A transloading facility can also be set up near highways and along train tracks to take advantage of the United States’ existing infrastructure. Besides transloading facilities, transload also can help at U.S. ports. When it’s difficult to even reach the port itself, transloading can occur at sea between two ships. The ship that’s now holding the freight can access smaller ports and speed up the process.
There really is only one major potential drawback to using transloading services to move freight. The increased handling of goods increases the chances of damage or loss to your goods. While a supremely skilled transloading operation can mitigate this risk to an extent, the fact remains that the more time freight is touched, there’s an increased risk for damage.
Even in the face of this, though, you can do something to protect your freight. Purchasing additional insurance to go beyond the bare minimum required by law for the logistics company to carry is a wise move for many companies. Of course it will require a supplementary use of funds since you’ll pay for it. However, this additional cost is more than worth it if you’re having freight with high monetary value moved.
There are two huge benefits to having your freight shipped using intermodal transportation. The first one is that the freight doesn’t leave the container until you want it to. What that means is the freight in the container will remain undisturbed and unpacked until it reaches your distribution center, warehouse or the customer’s retail space. As pointed out above, this should over time reduce the amount of potential damage your commodities are exposed to.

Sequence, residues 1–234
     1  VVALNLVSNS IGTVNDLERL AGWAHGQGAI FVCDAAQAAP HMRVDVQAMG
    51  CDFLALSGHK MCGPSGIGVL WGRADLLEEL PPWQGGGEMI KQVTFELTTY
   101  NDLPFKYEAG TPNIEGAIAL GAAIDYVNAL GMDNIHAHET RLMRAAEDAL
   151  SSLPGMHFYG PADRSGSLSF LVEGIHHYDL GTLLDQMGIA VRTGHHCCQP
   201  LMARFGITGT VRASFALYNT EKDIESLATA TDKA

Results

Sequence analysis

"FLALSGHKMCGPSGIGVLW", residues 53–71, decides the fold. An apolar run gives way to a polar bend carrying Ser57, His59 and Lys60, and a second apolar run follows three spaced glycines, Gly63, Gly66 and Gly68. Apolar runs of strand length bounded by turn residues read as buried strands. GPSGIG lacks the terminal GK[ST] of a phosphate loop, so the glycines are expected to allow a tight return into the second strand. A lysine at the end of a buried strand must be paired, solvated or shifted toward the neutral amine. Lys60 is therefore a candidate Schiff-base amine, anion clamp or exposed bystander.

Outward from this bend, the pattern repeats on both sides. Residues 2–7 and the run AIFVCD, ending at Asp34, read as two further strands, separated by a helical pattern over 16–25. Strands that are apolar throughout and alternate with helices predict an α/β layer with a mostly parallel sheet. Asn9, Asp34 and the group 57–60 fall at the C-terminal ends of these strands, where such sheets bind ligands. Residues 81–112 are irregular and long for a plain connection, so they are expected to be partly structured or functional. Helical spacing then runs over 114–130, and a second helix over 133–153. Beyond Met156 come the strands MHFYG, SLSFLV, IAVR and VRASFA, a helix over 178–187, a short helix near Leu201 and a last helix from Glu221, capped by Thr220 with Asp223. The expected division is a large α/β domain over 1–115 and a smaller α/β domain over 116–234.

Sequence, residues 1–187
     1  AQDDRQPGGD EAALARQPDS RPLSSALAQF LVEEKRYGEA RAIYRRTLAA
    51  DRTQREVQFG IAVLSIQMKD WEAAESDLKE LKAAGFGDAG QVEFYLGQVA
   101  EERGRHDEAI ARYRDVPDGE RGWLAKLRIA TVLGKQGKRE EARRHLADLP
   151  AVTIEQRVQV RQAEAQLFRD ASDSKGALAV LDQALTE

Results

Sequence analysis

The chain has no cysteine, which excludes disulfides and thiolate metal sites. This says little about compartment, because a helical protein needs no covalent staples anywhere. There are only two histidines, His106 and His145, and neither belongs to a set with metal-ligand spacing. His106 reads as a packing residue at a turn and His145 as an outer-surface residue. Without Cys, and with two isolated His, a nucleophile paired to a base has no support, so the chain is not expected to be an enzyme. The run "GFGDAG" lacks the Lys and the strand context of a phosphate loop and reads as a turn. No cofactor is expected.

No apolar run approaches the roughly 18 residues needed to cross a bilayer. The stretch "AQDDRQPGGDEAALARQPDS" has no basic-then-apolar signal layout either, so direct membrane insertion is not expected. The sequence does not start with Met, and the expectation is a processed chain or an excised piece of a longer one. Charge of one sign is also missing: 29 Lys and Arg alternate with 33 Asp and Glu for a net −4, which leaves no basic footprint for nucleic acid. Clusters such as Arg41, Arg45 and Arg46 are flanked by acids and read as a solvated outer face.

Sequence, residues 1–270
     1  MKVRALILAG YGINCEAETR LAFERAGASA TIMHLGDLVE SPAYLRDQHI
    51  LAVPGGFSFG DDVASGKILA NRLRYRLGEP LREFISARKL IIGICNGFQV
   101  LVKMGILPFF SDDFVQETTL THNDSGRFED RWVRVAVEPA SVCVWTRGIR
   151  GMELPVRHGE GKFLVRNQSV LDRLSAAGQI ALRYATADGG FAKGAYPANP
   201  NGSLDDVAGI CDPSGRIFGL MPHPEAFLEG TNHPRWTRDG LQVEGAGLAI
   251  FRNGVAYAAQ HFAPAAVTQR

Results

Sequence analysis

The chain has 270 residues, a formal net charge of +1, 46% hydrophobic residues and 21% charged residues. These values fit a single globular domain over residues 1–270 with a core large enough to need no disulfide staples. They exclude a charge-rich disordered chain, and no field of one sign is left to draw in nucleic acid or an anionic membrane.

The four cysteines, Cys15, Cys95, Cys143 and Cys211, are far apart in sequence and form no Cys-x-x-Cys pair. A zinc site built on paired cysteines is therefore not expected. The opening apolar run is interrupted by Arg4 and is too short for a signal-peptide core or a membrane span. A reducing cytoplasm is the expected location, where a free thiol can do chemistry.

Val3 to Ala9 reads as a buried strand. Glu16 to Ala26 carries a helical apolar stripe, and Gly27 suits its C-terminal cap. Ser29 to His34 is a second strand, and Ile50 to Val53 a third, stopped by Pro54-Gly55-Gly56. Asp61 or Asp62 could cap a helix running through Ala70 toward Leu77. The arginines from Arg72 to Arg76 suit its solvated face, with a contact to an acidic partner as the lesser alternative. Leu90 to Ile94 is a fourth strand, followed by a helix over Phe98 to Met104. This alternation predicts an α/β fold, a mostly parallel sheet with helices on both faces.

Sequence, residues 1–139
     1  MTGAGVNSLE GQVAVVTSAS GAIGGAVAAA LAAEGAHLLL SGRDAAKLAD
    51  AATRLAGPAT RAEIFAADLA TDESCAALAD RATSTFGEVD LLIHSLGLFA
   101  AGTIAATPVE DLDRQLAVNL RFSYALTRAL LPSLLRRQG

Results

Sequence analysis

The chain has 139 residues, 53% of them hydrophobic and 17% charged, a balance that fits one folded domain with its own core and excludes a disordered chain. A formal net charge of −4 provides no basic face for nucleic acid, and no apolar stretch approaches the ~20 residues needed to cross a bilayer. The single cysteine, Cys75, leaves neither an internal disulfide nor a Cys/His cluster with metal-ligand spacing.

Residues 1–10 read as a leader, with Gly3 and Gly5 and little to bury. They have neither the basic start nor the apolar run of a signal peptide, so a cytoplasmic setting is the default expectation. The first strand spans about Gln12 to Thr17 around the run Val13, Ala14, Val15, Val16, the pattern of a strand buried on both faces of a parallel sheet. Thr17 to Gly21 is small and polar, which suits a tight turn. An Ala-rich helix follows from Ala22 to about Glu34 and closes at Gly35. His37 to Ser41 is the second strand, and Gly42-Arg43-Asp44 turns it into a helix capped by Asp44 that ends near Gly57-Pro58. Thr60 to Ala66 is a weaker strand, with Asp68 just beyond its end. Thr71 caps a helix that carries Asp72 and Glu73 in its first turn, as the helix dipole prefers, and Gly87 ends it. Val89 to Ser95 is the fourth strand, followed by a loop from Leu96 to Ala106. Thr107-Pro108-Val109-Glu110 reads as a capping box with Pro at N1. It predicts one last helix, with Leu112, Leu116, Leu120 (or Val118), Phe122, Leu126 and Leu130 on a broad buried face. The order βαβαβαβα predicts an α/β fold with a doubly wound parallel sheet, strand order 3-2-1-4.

The second advantage comes from the added flexibility that comes from being able to have a boat, truck and train interchangeably haul your freight. When a crane can pluck your intermodal container off of a boat and put it directly onto a train, that’s an ideal scenario for your goods to keep moving. In this case, intermodal shipping containers really wouldn’t go on a plane, so that’s not a viable option.
Intermodal transportation relies heavily on being efficient or freight cost savings can’t be realized. Inefficiencies in the process can actually result in higher transportation costs than if a single mode of transport was used.
Also, if you want the absolute fastest type of shipping, neither transloading nor intermodal will fit that bill. While both can be used to great effect to get your freight where it needs to go, there is going to be added time when those containers are forced to stop and then be unloaded and loaded.
No matter your decision when it comes to transloading vs. intermodal, R+L Global Logistics is the company you want handling your freight — no matter how fragile or valuable it is. We know exactly how to best tackle the unique challenges presented by both of these methods of transportation and will give you the most cost effective way to do so.
R+L Global Logistics has a presence at all U.S. ports to aid you in receiving your freight and routing it to where you need it to go. Furthermore, we have the employees, facilities, equipment and knowledge to expertly complete transload and intermodal shipping on your behalf. In addition, should you need to have your commodities stored for any length of time, our strategically placed warehouses around the U.S. can offer assistance in that area.
So no matter what side you end up choosing in transloading vs. intermodal, make sure your next freight load is in the hands of R+L Global Logistics — we’ll make sure to take care of it. For a free quote for our freight, warehouse and fulfillment services, call us today at (866) 989-3082.